Sophomore has the numbers over senior Tuel, but Washington State coach Mike Leach doesn’t want to give away any plot developments before Cougs’ game against Colorado.
PULLMAN — The battle between Connor Halliday and Jeff Tuel to become Washington State’s starting quarterback features a familiar story line.
The narrative pitting a brash, inexperienced gunslinger (Halliday) against the team’s cerebral, veteran leader (Tuel) arrived Friday when the sophomore torched UNLV for 378 yards and four touchdowns in a 35-27 triumph on national television.
Just don’t ask coach Mike Leach for any indication who will start Saturday against Colorado, assuming Tuel is healthy enough to play.
“I’m not a guy who tells people the end of a movie if they haven’t seen it, so I’m not going to share it with you,” he said when asked who he sees as his first-string quarterback after Friday’s win. ”If you want to see how it turns out, you’ve got to come see the movie.”
A quick glance at statistical returns shows Halliday has the advantage compared to the upperclassman. In one start and a limited second half appearance against Eastern Washington, the sophomore completed 55.4 percent of his passes for 454 yards, four touchdowns and three interceptions. Factor in Marquess Wilson’s inexplicable drop against UNLV that negated a long touchdown and the late holding penalty against the Cougars that brought back another 50-plus yard scoring reception, and Halliday would be in early contention for all-conference honors.
“I thought he played well,” Leach said earlier this week in his typical rambling syntax. “Way ahead of schedule for a guy who’s only played a handful of games because he doesn’t have many snaps under his belt; thought he played really well when you consider that. I think he’s talented. As far as explosive, going down field, really good at that.”
Halliday is averaging 8.4 yards per attempt to Tuel’s 5.63. More importantly, he’s 2-1 in three career starts while Tuel has won just three games in three injury-plagued seasons in Pullman.
Given WSU’s five-year run of gridiron incompetence, Halliday’s .666 winning percentage in limited action is cause for booze-fueled riots to break out along Greek Row.
The six-foot, four-inch, 189-pound Ferris High School graduate captured a spot in WSU lore in 2011 when he came off the bench to throw for 494 yards and four touchdowns in a 37-27 upset win against Arizona State.
In 2012, he’s continued playing the same high-risk, high-reward style. Against UNLV, he threw an ill-advised interception late in the fourth quarter while leading by double digits. Late against EWU, he nearly beheaded WSU wide receiver Isiah Myers when he tried to squeeze a pass between a safety and corner.
Apparently surprised his quarterback would have the audacity to attempt a throw into such a tight space, Myers failed to get his hands up in time, allowing the ball to ricochet off his facemask out of bounds.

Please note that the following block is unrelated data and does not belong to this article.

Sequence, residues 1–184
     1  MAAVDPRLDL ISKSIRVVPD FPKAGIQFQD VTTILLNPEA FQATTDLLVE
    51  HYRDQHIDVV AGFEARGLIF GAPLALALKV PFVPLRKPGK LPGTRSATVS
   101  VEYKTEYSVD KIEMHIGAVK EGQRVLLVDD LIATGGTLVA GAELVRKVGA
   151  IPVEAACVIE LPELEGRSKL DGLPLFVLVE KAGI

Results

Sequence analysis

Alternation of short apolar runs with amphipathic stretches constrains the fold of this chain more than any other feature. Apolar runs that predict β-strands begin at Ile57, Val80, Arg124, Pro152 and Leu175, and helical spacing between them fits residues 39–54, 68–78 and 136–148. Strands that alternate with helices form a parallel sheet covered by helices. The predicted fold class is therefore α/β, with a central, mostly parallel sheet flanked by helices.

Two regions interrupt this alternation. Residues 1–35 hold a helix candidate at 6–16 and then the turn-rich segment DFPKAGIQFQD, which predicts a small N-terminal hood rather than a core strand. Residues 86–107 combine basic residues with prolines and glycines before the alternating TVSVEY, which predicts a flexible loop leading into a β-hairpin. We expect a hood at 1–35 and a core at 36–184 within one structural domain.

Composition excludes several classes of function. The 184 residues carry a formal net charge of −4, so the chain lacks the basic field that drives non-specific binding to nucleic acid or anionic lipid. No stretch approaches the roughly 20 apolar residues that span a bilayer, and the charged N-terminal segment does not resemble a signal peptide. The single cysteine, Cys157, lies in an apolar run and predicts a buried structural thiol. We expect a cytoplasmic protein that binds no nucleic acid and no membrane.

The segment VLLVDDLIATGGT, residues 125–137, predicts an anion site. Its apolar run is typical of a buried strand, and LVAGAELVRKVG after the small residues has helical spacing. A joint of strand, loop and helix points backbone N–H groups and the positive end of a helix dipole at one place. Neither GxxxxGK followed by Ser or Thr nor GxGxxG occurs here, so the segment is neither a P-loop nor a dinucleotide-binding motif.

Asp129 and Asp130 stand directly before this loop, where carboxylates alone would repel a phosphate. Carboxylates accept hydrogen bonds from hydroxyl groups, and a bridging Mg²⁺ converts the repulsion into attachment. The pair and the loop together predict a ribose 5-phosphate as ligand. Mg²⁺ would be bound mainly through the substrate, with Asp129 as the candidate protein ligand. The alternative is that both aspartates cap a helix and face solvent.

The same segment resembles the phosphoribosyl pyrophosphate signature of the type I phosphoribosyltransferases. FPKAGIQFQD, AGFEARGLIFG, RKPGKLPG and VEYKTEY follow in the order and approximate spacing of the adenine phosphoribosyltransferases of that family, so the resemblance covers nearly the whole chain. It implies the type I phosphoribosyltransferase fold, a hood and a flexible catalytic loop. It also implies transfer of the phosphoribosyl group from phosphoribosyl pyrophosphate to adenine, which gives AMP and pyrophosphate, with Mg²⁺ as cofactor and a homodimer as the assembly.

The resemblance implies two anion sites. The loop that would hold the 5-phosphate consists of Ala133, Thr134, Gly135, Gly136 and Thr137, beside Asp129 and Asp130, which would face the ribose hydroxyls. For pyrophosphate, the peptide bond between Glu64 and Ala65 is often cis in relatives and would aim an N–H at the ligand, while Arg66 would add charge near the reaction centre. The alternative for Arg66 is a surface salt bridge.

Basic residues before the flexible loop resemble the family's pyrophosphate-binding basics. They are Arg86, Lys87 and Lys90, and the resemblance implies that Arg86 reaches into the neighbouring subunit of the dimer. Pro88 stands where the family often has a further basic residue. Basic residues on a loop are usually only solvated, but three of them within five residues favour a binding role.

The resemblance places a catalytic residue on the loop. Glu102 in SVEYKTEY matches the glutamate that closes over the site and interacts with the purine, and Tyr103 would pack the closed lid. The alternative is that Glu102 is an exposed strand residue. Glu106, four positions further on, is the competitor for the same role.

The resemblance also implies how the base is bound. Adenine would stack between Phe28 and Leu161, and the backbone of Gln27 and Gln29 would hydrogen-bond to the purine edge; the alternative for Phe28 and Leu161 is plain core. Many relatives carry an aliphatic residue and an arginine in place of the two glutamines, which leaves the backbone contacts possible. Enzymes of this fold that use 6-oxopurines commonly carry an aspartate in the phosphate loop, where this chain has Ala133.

The pass, by the way, was perfect.
Halliday said Monday Leach never formally told him he’d be starting against UNLV, but it became clear on Tuesday it was his job when Tuel missed practice for the second consecutive day.
I dont know, well see what happens,” he said when asked if he considers himself the starter. Were not told much, either. Were kind of in the same boat. We just go along and try to have as good a week of practice as you can have to help the decision in your favor.
Halliday might not have reentered the spotlight this season had Tuel not gone down with a n apparent knee injury during the third quarter of WSU’s 24-20 win against EWU (Leach refuses to discuss injuries).
The setback capped a troubling rash of ill-fated mishaps for Tuel. The four-year starter injured his ankle his freshman year and missed the Apple Cup. After a solid sophomore campaign (2,800 yards and 18 touchdowns), Tuel missed nearly all of 2011 with a broken collarbone and something called acute compartment syndrome.
Now a senior trying to grasp the intricacies of Leach’s Air Raid Offense, Tuel no longer appears the right player to guide WSU football back to prominence. He struggled mightily in the Cougars’ 30-6 loss to BYU and looked hesitant while going 20-for-26 for 171 yards and two touchdowns against EWU.
The best game of Tuel’s career came when he went 10-for-15 for 157 yards and a touchdown while adding 18 rushes for 79 yards in a 31-14 upset victory against Oregon State in 2010.
He hasn’t won a start since.
The Cougars caught the Beavers napping on that rainy afternoon in Corvallis. The real takeaway, however, came from Tuel’s gutsy running performance. Then a sophomore, he dipped, ducked and juked his way for critical first downs for four quarters. WSU ran option reads to keep the Beavers off-balance, then finally hit on a deep ball to a wide-open Wilson to seal the victory.
Despite Tuel’s rushing potential, rarely will he get the opportunity to break off a huge gain on a designed running play in Leach’s system. Tuel said as much after the loss to BYU.
Such a restriction is like taking Indiana Jones’ whip and replacing it with a shoestring.
But Leach already knows that. After all, he’s a huge movie fan.